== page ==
I just got back from China. Such a breezy thing to say, and yet it's taken me a lifetime to go. I lived in Hong Kong between ages two to three, was carried through the crowded alleyways on the shoulders of our aged “House Boy,” a Chinese grandfather whom I loved. But, before this trip to Shanghai, I had never set foot on the mainland before. And yet, as I walked down the crowded streets of Shanghai, I felt oddly at home. I don't know the language, knew no more than a few people in a city of 24 million, and yet, didn’t feel one bit ill-at-ease. I had heard that Shanghai is a relatively safe city, but I don’t think that was why I felt so comfortable there.
As I suggested in the Author’s Note at the end of River of Dust, families pass down wisdom and pain in equal measure—an inheritance that translates in ways we don't even realize: for me, that inheritance apparently includes a sense of belonging in China.
In the older parts of the city, which mercifully still exist but may not for long, elders still sit out on stools, eating soup, playing cards, chattering in angry voices that no doubt aren't angry at all, but only sound that way to my untrained ear. Laundry is left to dry everywhere. I wish I’d taken more photos of clotheslines, because the Chinese were wildly inventive about where they place them.
As I roamed these familiar-seeming streets, I had to wonder if China had appeared the same when my father grew up there, or, even before that, when my grandfather arrived in 1907.
The new parts of Shanghai are so space-aged and oversized as to be unrecognizable as particularly Chinese. Except, in a way, the view from The Bund across to Pudong seems quintessentially Chinese: showy, shiny and all about façade. We used to call it “Chinese gaudy,” a style that I had assumed went out with the Cultural Revolution, but seems to be reincarnated in the massive city of the future across the river in Shanghai.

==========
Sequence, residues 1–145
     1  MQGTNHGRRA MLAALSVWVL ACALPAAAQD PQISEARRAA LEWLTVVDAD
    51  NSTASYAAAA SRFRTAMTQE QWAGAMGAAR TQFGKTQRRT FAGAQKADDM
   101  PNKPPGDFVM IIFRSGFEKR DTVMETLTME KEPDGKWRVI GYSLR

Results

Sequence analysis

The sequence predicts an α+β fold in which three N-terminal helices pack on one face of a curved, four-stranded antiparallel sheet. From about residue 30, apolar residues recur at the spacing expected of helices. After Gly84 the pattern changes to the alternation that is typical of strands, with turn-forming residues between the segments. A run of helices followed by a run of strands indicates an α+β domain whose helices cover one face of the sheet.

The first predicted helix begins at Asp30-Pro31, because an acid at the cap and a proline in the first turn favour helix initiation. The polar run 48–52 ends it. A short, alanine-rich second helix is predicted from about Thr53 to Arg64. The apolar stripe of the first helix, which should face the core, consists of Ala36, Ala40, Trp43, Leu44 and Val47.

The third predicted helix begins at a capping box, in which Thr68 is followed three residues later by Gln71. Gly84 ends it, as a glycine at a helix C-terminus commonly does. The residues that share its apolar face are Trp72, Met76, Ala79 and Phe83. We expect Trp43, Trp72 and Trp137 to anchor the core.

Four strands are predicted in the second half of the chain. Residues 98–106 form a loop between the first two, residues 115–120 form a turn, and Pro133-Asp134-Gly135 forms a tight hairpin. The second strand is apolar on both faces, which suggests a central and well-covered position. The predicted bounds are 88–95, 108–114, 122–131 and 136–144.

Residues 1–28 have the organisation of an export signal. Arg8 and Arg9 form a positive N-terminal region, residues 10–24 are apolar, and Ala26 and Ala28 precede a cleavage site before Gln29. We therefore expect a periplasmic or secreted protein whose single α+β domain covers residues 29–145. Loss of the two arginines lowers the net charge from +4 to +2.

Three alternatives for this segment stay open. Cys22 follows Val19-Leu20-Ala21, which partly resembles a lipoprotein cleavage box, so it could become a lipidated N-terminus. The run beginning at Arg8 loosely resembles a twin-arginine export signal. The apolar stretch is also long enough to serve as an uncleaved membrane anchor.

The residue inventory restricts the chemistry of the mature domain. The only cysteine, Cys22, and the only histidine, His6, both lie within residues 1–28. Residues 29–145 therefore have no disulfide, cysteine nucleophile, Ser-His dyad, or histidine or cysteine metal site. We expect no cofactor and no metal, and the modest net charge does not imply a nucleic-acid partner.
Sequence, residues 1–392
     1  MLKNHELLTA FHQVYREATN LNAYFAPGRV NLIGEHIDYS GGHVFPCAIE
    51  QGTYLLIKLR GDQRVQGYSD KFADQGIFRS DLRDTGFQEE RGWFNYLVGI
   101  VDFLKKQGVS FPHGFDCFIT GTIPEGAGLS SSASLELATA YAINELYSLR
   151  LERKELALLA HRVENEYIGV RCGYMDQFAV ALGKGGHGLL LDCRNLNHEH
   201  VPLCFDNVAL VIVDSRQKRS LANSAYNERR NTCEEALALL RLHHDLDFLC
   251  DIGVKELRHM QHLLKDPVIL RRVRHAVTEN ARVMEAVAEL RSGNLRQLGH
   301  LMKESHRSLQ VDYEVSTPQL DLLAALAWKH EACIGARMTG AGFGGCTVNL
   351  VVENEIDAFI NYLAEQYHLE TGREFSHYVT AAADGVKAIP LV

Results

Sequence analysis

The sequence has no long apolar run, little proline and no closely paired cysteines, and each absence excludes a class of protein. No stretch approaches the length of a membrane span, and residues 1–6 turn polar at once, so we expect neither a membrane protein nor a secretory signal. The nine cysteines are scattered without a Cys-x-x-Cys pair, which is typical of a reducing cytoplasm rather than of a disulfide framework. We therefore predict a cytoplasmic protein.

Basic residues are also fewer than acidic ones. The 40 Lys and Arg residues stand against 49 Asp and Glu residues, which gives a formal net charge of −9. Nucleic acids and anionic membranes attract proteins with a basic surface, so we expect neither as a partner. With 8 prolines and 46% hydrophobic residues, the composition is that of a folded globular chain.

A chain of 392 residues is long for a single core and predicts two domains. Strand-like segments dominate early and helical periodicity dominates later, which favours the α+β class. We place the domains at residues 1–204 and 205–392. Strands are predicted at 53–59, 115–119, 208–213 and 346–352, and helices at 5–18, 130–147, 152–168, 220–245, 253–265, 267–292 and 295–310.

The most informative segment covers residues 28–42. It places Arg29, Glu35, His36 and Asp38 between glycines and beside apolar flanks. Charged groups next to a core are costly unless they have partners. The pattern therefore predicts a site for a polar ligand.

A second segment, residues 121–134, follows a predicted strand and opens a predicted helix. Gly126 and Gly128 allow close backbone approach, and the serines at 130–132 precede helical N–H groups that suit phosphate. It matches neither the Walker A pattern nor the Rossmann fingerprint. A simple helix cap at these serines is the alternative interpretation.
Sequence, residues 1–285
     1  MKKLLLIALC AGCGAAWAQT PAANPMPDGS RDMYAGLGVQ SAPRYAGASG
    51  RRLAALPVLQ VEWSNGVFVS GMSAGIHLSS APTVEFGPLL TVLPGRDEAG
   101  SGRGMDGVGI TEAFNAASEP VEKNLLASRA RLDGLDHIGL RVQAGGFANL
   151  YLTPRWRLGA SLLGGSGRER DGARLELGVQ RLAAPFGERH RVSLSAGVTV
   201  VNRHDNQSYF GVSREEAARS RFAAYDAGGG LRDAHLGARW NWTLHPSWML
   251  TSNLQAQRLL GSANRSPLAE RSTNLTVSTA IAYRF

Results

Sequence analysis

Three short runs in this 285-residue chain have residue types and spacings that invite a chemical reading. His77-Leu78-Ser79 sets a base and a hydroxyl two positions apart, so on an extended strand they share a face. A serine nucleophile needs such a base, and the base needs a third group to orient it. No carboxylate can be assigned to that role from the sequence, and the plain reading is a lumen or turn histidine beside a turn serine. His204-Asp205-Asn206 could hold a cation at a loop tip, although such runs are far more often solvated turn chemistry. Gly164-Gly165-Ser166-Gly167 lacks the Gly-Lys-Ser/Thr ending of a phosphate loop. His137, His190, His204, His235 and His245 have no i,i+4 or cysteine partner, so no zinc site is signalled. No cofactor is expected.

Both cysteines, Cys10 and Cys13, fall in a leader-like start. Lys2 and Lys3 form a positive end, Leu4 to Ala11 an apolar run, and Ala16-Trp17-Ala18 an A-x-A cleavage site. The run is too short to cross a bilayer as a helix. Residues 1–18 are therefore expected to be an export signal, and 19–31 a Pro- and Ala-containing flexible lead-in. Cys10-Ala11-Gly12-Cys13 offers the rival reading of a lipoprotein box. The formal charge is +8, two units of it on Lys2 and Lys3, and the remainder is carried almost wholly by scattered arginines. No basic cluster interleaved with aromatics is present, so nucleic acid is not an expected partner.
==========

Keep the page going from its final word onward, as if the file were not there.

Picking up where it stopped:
My hosts at the Shanghai International Literary Festival were friendly and welcoming and I loved meeting fellow authors and learning about their books. My old friends Tina Kanagaratanum and Patrick Cranley of AsiaMedia shared their longtime ex-pat knowledge of Shanghai to help demystify the place. And, on top of more memorable experiences than I can count—an excellent hotel with staggering views, great quantities of Shanghai dumplings consumed at all hours of the day—I also somehow managed to meet and chat with Mick Jagger!
Sir Mick was in town for three shows and, on his first night, he visited the beautiful, important M on the Bund restaurant and Galmour Bar where the Shanghai Lit Festival events also take place. (Pictured here is Michelle with Mick at her restaurant on the night of the siting). When we got word that he was there at the bar, several of us sidled over and I ended up standing right next to him. In the course of introductions, he shared some quips about his audience and I asked him how he handles jet lag. As he told me his recipe of sun lamps, Vitamin D, melatonin and water, my mind was screaming: you're talking with MICK JAGGER!
And so I was. Yet it felt strangely on par with the rest of this trip of a lifetime that may very well turn into a hint of things to come. The Lit Fest has kindly invited me back next March to their Beijing site, so the China barrier has been broken for me for good. I can’t wait to return again to that strange, yet familiar, land.